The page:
He’s one of those people who is just such a big arsehole that no one seems to mourn him when he’s found dead in his apartment. Rather, the long line of people who might want to do him in stretches rather far.

But once Connor is out of the way, whoever is behind his death turns their gaze upon Laura Harris, and her family finds itself under threat from all sides. Charlie, as usual, feels like it’s all up to him to figure out whodunit – before the killer manages to either kill his daughter or burn down his house with everyone inside.

Escape Rating B: This series is always a good time. I got hooked when I picked up Twelve Angry Librarians, and so far I have yet to be disappointed by a single trip to Athena, Mississippi. I grabbed this one because I bounced hard off of two books, and needed something that I knew would draw me right in, and File M for Murder certainly delivered.

The mysteries in this series are definitely cozy. And not just because Diesel, like all Maine Coons, is a very furry cat. Athena, Mississippi is a small college town, and everyone pretty much does know everyone. When Charlie needs to find the dirt on someone living in town, he knows just who to ask. And when he has to do research on someone’s past doings, he knows just which library has all the resources he needs, as well as the skill to use them.

There are plenty of cat mysteries, but one of the things that I like best about this series is that Diesel is just a cat. A very big cat, but just a cat. He doesn’t do anything that cats don’t do. Even in this particular story, where there is one point where Diesel really does save the day, he does it by smelling something off and meowing about it until he gets his human’s attention. Not all of us receive letter bombs (thank goodness) but that a cat would sniff out that the thing just smells “wrong” in a big way is quite possible.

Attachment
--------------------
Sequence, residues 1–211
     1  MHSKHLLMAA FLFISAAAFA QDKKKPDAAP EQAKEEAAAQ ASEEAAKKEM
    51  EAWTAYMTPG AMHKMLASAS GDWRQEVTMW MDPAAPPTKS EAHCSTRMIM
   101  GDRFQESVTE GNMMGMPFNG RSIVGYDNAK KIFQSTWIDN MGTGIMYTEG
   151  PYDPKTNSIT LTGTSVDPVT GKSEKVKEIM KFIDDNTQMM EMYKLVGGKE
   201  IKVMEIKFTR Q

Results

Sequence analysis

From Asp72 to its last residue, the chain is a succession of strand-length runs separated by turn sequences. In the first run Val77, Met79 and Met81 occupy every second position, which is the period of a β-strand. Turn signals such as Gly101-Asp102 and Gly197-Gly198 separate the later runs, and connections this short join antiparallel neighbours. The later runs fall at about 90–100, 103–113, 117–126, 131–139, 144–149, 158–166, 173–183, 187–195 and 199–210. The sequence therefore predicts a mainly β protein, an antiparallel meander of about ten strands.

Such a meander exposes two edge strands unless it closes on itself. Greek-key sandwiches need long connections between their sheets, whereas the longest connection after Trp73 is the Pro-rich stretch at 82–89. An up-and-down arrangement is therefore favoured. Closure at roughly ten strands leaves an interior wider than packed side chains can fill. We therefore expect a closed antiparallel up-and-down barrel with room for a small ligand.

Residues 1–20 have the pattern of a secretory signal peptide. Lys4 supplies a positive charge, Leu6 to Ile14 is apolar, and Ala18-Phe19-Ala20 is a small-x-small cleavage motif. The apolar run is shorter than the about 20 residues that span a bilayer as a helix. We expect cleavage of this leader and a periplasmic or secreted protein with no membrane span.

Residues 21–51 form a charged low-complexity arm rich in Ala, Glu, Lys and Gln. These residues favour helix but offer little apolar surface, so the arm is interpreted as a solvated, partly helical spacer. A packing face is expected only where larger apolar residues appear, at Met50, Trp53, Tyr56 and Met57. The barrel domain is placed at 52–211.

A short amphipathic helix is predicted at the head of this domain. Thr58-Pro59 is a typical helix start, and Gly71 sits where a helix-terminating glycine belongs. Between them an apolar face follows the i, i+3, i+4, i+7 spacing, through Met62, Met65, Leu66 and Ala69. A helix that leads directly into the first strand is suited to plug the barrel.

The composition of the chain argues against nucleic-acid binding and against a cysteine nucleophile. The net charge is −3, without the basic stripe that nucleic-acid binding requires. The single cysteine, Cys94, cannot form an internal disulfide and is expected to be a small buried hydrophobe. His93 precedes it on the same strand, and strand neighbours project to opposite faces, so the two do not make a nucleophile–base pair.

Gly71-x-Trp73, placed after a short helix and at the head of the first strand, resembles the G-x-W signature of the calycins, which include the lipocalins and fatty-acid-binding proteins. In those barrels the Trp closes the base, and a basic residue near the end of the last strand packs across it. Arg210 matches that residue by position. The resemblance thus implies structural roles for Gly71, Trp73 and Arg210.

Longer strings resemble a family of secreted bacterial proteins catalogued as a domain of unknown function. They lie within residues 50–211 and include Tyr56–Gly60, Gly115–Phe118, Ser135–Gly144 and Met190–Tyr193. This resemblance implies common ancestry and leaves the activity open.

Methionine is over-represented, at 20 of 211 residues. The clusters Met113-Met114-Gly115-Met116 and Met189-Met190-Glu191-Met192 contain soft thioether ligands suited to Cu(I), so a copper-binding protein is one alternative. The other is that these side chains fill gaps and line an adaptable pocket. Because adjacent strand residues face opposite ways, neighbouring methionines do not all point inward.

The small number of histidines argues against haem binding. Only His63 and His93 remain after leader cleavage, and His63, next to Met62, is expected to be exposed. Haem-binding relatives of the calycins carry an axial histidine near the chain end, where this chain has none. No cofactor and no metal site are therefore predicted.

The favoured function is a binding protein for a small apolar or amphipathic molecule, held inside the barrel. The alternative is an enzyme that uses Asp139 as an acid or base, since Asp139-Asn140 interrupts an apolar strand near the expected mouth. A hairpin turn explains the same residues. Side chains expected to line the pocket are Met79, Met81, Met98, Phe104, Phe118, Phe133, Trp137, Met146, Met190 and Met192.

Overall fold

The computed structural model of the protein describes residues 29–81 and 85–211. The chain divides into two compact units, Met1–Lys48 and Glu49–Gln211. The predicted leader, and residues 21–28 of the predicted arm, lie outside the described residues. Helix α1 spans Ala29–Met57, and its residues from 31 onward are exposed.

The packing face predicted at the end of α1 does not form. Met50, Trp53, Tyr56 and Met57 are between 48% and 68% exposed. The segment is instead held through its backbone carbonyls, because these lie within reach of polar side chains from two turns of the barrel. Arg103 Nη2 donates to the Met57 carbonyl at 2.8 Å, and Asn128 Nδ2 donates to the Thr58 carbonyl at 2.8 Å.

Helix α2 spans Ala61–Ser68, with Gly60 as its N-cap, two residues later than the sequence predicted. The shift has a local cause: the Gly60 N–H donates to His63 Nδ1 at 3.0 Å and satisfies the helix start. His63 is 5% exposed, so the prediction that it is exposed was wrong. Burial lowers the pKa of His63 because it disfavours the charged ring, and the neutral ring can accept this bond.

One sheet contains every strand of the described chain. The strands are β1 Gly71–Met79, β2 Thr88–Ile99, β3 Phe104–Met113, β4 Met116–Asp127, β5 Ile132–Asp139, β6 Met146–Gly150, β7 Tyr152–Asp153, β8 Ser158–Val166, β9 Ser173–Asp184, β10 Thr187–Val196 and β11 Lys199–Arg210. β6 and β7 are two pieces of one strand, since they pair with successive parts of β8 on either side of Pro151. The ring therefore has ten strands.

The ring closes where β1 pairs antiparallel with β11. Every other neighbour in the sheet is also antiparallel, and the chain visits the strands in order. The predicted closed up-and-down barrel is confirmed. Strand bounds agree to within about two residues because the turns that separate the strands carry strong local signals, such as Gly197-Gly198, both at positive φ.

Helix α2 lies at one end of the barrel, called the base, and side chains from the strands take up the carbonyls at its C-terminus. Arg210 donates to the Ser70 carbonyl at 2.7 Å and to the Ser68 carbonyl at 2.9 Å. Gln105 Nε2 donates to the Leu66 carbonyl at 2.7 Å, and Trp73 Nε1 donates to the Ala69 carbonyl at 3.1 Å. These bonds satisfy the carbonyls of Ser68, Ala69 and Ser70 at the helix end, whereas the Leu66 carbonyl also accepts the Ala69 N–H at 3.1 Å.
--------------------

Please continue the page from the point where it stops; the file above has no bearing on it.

It’s not that I don’t love Shirley Rousseau Murphy’s Joe Grey series, because I do, but one talking cat mystery series is probably enough. Or at least it is for this reader.

Another thing that I enjoy about this series is that Charlie is not always the first person to solve the mystery, the best person to solve the mystery, or even the person who saves the day by solving the mystery. In Charlie’s cases, he does get in the way of the police as often as he helps them. He doesn’t always do the cliche thing of getting all the suspects together for the big reveal. Sometimes the solution is anti-climactic, and Charlie is a step behind the police. It feels more human, and more likely, that an amateur sleuth would be as much of a hindrance as a help, while it still gives the reader a chance to put the pieces together along with Charlie, mistakes and all.

If you are looking for a light, fluffy and fun mystery series, with lovely people in an interesting setting, check out Charlie and Diesel. You don’t have to start with Murder Past Due (I didn’t) – this series is just good cozy fun wherever you jump in.